Just read the book: http://www.lifeovercancer.com/

I am happy to share the actual supplements I am taking. I am also taking a natural anti-angiogenic extract called TBL-12/Sea Cucumber. Go here and download the angiogenic research article about it: http://sea-cucumber.com/. It is now in a Phase II Clinical trial. [No, I am not on the payroll of these folks either.]

Digger95
Posts: 59
Joined: Jun 2010

Hiya Piper,

Thanks for sharing your story and all that you have done to improve your life after kidney cancer. I swear by my near-vegan diet and attribute my continued great kidney function to consuming a meat-free diet. I'll look into the links that you have posted and thank you very much for providing them. Best of luck on your continuing journey!

Jim

FrauDi
Posts: 2
Joined: Jan 2013

Thanks Piper for your story. I am still trying to get over losing my left kidney last year.

 

 

rosesbloom
Posts: 2
Joined: Aug 2013

Thank you Piper for sharing. How are you today?

Please keep in touch:  rosesbloom@hotmail.com

Phyllis in California

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NanoSecond
Posts: 653
Joined: Oct 2012

Hi Phyllis,

Thank you for asking.  I have now been taking Sutent @50mg/day for just over one year.  My latest scans show either shrinkage or stability in all the 3 areas I have bone lesions.  The lesions on my left femur (of most concern since it is weight-bearing) are also showing only new bone growth.

In all of this time I have still not suffered any significant side effects.  That, I feel, is mostly due to my diet and certain supplements that I take.  I will be directly emailing you a detailed explanation of the science and rationale behind what I have been doing and my experimental clinical trial of n=1.

BTW, I initially registered here under the pseudonym "PiperPilot".  But for some reason I was blocked. So I then re-registered as "NanoSecond".

Best wishes,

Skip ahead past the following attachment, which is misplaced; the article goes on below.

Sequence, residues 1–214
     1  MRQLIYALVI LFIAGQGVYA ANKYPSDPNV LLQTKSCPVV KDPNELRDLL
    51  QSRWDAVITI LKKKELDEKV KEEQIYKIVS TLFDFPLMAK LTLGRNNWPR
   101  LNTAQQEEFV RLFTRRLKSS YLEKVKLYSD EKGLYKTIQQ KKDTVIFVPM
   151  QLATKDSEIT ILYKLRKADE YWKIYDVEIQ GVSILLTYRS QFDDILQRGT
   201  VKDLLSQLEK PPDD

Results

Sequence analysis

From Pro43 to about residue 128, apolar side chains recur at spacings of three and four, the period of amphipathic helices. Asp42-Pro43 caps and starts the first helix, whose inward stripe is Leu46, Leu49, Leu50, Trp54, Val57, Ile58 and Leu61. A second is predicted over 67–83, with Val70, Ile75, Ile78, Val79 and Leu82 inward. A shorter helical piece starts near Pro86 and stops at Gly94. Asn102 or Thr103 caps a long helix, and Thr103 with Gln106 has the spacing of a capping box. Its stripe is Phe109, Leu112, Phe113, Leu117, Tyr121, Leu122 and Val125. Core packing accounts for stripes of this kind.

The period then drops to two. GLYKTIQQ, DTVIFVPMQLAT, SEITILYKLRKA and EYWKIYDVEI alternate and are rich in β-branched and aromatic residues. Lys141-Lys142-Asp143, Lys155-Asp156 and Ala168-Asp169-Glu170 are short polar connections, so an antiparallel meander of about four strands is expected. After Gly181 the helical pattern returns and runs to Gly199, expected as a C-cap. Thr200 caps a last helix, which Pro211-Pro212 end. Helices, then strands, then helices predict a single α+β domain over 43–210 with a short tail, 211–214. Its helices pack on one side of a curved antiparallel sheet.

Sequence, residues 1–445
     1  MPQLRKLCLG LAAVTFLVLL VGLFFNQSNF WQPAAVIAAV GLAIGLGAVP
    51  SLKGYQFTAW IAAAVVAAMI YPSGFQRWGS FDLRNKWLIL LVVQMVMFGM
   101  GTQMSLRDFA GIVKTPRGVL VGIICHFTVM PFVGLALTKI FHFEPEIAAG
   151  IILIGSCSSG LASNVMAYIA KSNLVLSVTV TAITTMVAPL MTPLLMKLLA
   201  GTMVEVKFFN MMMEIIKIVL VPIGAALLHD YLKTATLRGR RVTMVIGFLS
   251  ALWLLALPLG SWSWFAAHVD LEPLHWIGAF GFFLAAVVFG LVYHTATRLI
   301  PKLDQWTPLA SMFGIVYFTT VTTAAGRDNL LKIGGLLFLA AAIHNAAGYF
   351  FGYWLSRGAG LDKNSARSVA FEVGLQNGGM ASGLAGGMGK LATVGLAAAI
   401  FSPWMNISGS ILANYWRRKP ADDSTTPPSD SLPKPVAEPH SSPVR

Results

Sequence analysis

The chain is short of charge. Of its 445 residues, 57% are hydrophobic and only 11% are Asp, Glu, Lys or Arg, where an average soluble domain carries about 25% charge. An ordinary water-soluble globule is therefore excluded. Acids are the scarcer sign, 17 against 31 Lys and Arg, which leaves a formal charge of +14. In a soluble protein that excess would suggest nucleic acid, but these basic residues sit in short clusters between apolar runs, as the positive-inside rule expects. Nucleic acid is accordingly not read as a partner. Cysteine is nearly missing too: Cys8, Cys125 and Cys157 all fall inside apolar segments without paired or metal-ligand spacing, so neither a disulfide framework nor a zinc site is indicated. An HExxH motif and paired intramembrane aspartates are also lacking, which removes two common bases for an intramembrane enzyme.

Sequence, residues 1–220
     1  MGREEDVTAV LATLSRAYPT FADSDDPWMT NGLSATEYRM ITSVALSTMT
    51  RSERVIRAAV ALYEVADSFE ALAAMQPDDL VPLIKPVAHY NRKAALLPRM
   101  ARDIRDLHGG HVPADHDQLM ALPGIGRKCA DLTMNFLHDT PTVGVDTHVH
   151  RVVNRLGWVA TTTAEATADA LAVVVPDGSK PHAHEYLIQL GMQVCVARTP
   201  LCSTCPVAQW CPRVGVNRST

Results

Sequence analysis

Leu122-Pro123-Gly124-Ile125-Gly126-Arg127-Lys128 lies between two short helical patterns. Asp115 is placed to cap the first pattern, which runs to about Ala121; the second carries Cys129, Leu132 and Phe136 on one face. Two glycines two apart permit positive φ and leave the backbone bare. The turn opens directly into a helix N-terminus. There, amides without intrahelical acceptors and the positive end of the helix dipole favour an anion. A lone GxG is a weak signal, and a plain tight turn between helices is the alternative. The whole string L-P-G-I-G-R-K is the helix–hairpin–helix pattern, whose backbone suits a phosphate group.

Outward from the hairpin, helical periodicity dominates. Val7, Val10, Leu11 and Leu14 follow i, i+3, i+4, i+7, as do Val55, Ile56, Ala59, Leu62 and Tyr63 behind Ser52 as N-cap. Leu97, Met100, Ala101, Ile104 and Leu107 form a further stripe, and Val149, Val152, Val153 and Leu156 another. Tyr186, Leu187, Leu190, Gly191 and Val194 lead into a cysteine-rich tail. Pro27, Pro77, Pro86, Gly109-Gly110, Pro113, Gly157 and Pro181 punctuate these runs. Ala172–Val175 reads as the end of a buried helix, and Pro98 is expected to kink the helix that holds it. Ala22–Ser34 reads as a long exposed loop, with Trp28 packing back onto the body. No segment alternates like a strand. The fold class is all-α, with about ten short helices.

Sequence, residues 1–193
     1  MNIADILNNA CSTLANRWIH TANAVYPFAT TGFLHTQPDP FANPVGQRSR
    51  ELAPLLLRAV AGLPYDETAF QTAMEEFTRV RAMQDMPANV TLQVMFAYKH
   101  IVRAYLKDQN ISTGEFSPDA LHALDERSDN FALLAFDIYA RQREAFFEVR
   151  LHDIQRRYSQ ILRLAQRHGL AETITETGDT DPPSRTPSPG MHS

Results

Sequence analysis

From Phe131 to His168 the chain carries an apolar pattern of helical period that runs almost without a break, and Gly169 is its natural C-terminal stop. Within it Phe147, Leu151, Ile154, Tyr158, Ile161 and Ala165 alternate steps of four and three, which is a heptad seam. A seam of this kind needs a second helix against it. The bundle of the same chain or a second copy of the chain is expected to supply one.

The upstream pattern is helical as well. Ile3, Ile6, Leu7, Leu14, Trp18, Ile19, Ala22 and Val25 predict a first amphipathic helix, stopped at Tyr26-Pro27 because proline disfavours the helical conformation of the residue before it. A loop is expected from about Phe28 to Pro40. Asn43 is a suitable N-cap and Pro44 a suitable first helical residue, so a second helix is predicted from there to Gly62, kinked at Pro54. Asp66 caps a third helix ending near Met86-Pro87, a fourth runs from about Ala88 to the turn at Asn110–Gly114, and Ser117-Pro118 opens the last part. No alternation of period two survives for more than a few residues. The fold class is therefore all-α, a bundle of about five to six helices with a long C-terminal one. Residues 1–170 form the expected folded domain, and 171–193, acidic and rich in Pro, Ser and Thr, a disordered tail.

-Neil (how everyone else knows me).

 

NanoSecond's picture
NanoSecond
Posts: 653
Joined: Oct 2012

I forgot to add.  My diet has changed since I first posted back then.  I am no longer a "vegan fishnavore".  I have no major issues eating meat (if it is grass fed). I have made several changes to my diet as I have done further research and experimenting (on myself).

These changes, and others, are fully explained in the document I just sent to you.

 

FrauDi
Posts: 2
Joined: Jan 2013

Would like anyone to email me with a good diet plan for one kidney--what to eat and what not to.  Thanks.     di.harper@comcast.net

 

rosesbloom
Posts: 2
Joined: Aug 2013

 

Does anyone know the current recommendations for the one kidney diet?  What should we eat and what should we avoid. What medications should we avoid?  I heard that all sodas diet or regular should be eliminated;  water is best.

I had a cyst that became malignant 5.9cm tumor in 2006. Now have cysts on the right kidney. Please email me the plan rosesbloom@hotmail.com

Phyllis

Footstomper's picture
Footstomper
Posts: 1238
Joined: Dec 2014

Im very fond of steak and kidney pie

samidive
Posts: 2
Joined: Apr 2017

Firstly,let me wish all members the best of health for the new year and onward. In 6/2017 i had left kidney removed due to tcc.In 10/2017 i had cystostomy in office and dr, removed small tissue from bladder. Result came back as tcc,papillary . Presently awaiting results of hospital removal of 5 small bladder tumors. It is 10 days since procedure and urgency is improved though still have discomfort at start of urination.Does anyone know if this is common after this procedure? Was given perithrin but only took it once since i feel it could cause acute damage to remaining kidney.